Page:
The samples were diluted (1:1000) with filtered (0.22 µm) PBS and were pipetted onto a silicon wafer (1 × 1 cm2). After 20 min of incubation, the suspension was removed by aspirating the extra water, leaving the tested samples on the silica wafer. AFM was then performed on a NanoWizard 3 NanoScience AFM (JPK Instruments, Berlin, Germany). The microscope was vibration-damped. Commercial 1-levertips (NSC 14 Al/BS) on a cantilever with a length of 125 µm and a resonance frequency of about 140 kHz and a force constant of 5 N/m were applied. Measurements were performed in tapping mode in the air. The scan speed was adjusted between 0.5 and 1.5 Hz [40].

Zeta Potential Analysis (ZP)

The ZP represents the electric potential at the slipping plane of the electrical double layer and is considered a vital parameter to predict the physical stability of nanocarriers. The ZP was assessed by measuring the electrophoretic mobility (EM) via LDA (Zetasizer Nano ZS, Malvern-Panalytical, Kassel, Germany). The EM was then converted into the ZP by using the Helmholtz–Smoluchowski equation. The measurements were performed in conductivity-adjusted purified water (50 μS/cm/20 °C) and/or the used extraction buffer [34,41]. The analysis was performed in triplicates and is shown as an average ± standard deviation (SD).

Protein Quantification

The protein amounts of the PEVs were quantified by using the BCA assay with micro BCA kits (Micro BCA Protein Assay Kit, Thermo Fisher Scientific, Rockford, IL, USA), following the protocol provided by the supplier. The absorbance values were obtained by using the NanoPhotometer® NP80 system (IMPLEN, München, Germany).

Protein Profiling

The protein composition of the PEVs was determined by SDS-PAGE using the protocol of Mandic et al., and Bokka et al. [24,42]. For this, the gel was prepared using the previously described procedures [43] and PEVs (equal to 30 μg protein measured by BCA assay) were loaded onto the gel. The proteins were then electrophoretically separated in reducing conditions by using Bolt MOPS SDS running buffer (Invitrogen, Carlsbad, CA, USA). In a final step, the proteins were stained with colloidal Coomassie blue (Applichem GmbH, Darmstadt, Germany).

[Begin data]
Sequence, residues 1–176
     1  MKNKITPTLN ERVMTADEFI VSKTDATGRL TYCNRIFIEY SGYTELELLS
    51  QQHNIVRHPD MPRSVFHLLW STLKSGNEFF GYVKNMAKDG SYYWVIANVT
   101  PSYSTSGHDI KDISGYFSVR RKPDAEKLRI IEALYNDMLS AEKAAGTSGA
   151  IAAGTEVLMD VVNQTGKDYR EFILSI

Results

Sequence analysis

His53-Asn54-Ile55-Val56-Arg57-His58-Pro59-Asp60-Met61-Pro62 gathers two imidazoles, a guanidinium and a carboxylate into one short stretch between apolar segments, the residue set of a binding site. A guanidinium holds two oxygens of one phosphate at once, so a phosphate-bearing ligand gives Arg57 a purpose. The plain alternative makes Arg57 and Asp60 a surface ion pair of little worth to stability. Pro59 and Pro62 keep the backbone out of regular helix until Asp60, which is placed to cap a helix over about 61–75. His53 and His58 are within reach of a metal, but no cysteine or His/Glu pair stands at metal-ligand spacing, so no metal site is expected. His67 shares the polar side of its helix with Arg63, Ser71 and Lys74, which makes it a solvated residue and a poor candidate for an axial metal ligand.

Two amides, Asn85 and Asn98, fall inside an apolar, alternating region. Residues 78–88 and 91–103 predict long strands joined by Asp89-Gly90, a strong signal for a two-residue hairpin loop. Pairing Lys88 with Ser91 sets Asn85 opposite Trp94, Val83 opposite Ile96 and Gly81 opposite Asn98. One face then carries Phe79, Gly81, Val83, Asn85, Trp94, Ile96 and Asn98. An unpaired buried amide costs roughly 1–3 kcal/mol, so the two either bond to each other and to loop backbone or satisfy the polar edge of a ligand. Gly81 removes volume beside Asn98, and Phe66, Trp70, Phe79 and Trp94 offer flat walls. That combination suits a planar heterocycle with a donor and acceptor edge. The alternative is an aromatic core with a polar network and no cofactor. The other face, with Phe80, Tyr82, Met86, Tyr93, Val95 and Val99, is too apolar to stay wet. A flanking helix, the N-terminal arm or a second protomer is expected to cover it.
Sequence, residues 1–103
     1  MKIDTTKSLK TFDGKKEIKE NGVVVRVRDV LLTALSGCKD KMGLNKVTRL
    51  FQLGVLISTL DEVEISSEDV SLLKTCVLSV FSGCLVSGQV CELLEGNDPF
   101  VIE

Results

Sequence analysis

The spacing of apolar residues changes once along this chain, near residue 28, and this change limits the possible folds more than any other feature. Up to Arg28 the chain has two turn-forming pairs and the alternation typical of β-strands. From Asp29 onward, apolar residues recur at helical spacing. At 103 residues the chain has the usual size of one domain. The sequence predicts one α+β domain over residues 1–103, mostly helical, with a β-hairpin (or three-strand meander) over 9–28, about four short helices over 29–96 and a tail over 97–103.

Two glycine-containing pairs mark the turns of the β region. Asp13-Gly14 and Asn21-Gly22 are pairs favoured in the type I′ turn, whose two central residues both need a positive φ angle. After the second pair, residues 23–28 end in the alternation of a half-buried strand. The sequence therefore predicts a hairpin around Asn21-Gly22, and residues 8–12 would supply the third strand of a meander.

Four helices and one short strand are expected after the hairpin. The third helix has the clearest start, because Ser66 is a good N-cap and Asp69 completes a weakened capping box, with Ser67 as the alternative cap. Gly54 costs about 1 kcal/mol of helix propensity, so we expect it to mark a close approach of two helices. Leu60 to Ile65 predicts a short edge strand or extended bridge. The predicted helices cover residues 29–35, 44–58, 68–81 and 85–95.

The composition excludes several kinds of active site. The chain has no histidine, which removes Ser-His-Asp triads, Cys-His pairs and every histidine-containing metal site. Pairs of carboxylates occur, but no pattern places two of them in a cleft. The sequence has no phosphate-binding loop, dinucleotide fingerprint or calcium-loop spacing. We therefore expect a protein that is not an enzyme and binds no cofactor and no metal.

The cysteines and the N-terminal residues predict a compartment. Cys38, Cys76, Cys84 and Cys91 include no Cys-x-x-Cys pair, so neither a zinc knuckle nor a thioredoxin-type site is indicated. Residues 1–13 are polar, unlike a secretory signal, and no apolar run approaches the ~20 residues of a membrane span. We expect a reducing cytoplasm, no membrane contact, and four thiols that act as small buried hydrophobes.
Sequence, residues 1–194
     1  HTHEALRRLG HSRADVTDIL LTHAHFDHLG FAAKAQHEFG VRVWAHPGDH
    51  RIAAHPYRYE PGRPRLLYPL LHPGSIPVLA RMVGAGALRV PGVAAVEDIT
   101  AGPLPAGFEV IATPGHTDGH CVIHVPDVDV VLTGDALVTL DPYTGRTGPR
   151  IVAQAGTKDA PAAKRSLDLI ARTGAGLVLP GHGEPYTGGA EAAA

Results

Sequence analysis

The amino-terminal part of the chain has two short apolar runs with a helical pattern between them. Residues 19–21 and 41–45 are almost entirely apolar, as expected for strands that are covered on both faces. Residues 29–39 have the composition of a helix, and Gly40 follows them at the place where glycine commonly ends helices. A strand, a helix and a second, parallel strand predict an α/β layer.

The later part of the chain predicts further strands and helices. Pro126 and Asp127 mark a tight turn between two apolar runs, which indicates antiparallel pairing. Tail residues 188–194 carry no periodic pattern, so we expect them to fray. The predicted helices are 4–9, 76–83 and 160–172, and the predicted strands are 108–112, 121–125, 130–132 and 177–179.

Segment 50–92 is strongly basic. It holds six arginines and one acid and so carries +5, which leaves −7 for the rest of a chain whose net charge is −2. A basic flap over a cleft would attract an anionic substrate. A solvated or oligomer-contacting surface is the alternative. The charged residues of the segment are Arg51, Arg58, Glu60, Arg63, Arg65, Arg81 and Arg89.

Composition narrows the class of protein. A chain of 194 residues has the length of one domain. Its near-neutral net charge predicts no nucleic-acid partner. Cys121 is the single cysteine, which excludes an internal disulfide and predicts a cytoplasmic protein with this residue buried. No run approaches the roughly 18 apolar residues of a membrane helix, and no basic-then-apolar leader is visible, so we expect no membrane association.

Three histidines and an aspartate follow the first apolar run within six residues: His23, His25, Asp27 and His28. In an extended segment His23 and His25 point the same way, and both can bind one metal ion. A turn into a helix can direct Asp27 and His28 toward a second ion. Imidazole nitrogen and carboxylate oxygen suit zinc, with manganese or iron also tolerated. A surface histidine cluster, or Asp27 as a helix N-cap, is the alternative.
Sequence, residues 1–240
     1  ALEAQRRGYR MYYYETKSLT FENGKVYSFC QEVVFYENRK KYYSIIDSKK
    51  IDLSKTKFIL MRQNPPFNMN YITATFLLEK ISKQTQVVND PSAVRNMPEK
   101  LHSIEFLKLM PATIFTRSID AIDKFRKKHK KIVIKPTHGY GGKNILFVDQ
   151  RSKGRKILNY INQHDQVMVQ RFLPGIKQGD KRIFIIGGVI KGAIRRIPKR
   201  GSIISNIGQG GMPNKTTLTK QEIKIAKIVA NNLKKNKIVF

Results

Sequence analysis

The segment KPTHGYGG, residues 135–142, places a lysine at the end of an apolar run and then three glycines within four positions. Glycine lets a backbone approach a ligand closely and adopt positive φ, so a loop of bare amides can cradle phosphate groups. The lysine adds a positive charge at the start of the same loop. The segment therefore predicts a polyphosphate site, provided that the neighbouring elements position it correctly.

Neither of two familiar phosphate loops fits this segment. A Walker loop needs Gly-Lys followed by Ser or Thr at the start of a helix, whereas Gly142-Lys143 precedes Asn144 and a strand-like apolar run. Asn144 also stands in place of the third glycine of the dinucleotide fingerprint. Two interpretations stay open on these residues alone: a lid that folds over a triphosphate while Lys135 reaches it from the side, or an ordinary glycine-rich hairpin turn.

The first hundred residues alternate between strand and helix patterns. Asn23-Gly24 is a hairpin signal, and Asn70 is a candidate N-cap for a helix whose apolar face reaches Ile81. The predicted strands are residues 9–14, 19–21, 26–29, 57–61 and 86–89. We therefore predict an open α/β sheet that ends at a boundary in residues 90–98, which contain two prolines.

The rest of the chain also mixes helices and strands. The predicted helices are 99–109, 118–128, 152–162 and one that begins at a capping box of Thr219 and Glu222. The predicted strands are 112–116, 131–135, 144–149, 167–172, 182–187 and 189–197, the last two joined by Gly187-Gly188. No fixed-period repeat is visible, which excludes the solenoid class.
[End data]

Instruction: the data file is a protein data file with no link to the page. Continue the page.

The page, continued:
2.2.5. Dermal Penetration Efficacy of PEVs

The dermal penetration efficacy of classical PEVs and PlantCrystal-PEVs was assessed in three steps. The first step included the preparation of the AI-surrogate-loaded PEVs. The second step was the penetration experiment utilizing the ex-vivo porcine ear response model and the third step was digital image analyses to obtain the objective penetration parameters, i.e., mean penetration depth (MPD) and the amount of penetrated AI-surrogate (APA). In addition, the stratum corneum thickness (SCT) and changes of the SCT upon the treatment with the different formulations were assessed. The SCT is a sensitive parameter to detect changes in skin hydration [44,45,46]; thus, by assessing changes in the SCT that occur upon the treatment with the PEVs, it was hypothesized to gain more detailed information on the underlying penetration mechanisms of the different PEVs.

Preparation of AI-Surrogate-Loaded PEVs

The classical PEVs were loaded by adding DiI (10 nM) to the crude classical PEVs. The obtained samples were gently vortexed for 15 min and then incubated for 30 min at room temperature in the dark. Ultracentrifugation was applied (cf. Section 2.2.1) to remove excess (i.e., free or aggregated crystalized) AI-surrogate that was not incorporated into the PEVs [47]. PlantCrystal-PEVs were produced by adding DiI (10 nM) to the cucumber juice and by processing the mixture with HSS and HPH, as described in Section 2.2.2. DiI (10 nM) in PBS (DiI-PBS) served as control. In addition, unloaded PlantCystal-PEVs and PlantCystal-PEVs to which DiI (10 nM) was added after HSS and HPH were also used as benchmark controls (Table 1).